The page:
Stanley B. Prusiner
The Nobel Prize in Physiology or Medicine 1997
Born: 28 May 1942, Des Moines, IA, USA
Affiliation at the time of the award: University of California School of Medicine, San Francisco, CA, USA
Prize motivation: “for his discovery of Prions - a new biological principle of infection”
Prize share: 1/1
Stanley Prusiner was born in Des Moines, Iowa, USA and grew up in Cincinnati, Ohio, where his father worked as an architect. Prusiner studied chemistry and then medicine at the University of Pennsylvania, Philadelphia, where he received his MD in 1968. After military service at the US Public Health Service, National Institutes of Health, Bethesda, Maryland, he moved to the University of California San Francisco in 1972 and has been working there since then. Stanley Prusiner is married and has two children.
Creutzfeldt-Jakob disease and related illnesses affecting people and animals involve the degeneration of brain cells. In 1982 Stanley Prusiner was able to isolate a suspected infectious agent, a protein that Prusiner called a prion. He identified the gene behind the prion protein, but determined that it is also present in healthy people and animals. Prusiner showed that the prion molecules are folded in a different way than the normal proteins and that the folding of the prion can be transferred to normal proteins. This is the basis for the illness.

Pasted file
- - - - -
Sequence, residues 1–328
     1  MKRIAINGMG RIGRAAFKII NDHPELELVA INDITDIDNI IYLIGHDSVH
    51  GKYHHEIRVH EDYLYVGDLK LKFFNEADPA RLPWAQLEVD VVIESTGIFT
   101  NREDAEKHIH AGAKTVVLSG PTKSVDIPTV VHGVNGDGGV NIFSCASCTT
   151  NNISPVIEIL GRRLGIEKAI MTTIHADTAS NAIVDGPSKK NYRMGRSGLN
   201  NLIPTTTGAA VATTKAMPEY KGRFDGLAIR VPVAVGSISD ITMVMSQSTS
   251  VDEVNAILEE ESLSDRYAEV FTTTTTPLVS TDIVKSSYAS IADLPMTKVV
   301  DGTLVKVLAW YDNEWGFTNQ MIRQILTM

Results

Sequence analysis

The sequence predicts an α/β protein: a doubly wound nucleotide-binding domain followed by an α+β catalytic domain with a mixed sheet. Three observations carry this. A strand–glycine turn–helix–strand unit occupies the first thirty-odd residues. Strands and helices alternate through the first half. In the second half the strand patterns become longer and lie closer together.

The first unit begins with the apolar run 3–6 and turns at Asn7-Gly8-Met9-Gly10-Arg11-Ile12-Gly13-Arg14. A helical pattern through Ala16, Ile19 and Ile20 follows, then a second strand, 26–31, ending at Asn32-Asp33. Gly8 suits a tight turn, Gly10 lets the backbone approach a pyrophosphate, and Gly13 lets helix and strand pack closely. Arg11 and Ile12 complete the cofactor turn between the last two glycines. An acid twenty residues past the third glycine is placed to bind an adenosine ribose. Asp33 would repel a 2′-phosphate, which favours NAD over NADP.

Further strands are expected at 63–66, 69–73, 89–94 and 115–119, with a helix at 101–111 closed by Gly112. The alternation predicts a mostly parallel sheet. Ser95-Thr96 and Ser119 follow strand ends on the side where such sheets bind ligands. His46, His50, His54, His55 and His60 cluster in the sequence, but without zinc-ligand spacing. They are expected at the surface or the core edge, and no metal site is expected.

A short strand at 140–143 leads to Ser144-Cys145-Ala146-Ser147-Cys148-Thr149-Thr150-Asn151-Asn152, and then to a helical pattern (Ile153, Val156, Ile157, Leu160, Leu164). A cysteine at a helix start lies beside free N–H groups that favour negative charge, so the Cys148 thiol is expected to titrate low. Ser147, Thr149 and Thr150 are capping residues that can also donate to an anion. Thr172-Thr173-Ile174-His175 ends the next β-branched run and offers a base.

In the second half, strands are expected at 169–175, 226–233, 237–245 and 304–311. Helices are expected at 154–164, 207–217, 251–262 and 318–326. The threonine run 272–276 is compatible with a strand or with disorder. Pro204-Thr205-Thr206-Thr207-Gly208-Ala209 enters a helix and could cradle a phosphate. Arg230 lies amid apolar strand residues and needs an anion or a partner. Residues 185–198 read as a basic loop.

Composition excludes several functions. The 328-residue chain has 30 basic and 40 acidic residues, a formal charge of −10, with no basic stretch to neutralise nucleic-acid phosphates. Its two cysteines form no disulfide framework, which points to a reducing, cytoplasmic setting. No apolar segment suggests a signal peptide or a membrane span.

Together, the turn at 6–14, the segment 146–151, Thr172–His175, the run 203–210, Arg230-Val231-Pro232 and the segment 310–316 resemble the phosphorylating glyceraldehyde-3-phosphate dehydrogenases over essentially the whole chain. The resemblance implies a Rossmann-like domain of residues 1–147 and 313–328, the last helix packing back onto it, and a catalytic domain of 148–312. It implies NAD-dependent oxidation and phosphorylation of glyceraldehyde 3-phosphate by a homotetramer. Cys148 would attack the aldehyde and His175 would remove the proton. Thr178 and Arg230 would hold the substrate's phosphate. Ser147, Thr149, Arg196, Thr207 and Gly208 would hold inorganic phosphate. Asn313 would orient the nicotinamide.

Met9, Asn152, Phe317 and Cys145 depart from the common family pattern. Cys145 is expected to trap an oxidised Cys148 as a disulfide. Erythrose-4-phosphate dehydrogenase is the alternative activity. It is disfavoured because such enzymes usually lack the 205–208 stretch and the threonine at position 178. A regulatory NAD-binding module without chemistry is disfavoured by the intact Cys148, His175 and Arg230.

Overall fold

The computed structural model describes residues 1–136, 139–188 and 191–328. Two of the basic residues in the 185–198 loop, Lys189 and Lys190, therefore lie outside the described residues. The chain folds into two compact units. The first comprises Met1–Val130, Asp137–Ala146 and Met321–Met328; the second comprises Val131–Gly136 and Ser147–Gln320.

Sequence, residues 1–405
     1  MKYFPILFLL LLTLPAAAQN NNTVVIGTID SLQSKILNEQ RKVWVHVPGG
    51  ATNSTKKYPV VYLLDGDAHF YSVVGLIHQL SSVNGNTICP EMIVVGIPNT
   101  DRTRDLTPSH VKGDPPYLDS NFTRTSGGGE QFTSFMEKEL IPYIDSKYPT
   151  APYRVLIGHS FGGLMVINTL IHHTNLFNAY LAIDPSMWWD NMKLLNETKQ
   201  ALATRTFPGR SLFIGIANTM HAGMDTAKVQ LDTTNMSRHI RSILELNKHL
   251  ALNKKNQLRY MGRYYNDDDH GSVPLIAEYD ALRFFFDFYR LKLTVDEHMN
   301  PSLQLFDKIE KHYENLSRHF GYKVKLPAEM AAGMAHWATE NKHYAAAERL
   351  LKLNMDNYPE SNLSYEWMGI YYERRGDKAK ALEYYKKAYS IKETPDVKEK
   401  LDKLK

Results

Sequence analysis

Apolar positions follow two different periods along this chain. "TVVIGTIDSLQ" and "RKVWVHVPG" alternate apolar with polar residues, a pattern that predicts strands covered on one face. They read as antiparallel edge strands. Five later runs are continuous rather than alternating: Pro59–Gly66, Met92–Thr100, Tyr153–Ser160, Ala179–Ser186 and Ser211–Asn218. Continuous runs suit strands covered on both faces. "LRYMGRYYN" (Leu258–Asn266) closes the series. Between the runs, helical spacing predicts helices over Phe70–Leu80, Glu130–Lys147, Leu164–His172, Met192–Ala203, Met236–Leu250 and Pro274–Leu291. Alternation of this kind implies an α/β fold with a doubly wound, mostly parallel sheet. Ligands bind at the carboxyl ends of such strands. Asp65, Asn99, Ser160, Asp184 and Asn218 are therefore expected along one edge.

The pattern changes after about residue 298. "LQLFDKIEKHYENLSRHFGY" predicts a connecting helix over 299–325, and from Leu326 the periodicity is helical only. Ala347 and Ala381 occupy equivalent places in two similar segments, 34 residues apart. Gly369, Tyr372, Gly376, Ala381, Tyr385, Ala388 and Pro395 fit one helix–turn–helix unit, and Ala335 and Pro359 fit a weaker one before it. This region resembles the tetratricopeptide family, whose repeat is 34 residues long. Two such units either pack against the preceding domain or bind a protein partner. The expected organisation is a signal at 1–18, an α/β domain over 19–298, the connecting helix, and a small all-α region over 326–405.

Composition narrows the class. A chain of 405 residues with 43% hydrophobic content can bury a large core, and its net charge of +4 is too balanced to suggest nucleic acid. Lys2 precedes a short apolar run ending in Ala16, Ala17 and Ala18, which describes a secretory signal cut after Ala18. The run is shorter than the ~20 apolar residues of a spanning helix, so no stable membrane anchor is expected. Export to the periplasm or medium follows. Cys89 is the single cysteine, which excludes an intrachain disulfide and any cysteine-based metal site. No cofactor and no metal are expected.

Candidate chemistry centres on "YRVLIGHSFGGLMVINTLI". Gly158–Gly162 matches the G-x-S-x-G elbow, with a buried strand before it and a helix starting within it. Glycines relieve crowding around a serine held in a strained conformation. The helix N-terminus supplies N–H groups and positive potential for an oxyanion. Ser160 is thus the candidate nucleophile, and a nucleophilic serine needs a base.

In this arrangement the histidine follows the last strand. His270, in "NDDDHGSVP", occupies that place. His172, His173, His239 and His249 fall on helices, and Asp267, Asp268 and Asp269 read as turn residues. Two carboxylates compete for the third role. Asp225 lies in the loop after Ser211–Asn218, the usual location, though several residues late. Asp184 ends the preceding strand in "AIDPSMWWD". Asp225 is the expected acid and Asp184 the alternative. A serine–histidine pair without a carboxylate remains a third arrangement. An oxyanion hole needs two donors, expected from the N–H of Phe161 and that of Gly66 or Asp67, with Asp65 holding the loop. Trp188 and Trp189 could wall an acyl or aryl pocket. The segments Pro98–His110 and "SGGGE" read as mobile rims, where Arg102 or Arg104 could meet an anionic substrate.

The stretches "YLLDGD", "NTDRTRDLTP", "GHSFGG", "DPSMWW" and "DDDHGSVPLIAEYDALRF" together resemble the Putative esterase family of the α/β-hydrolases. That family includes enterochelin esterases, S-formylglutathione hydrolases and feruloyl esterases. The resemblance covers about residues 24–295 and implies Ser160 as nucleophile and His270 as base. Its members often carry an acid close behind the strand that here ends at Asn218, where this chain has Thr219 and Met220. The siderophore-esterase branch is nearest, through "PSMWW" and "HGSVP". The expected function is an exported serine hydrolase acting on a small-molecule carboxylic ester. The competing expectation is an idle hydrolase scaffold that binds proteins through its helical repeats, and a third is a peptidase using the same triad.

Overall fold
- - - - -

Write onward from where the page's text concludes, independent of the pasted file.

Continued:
Their work and discoveries range from the Earth’s climate and our sense of touch to efforts to safeguard freedom of expression.
See them all presented here.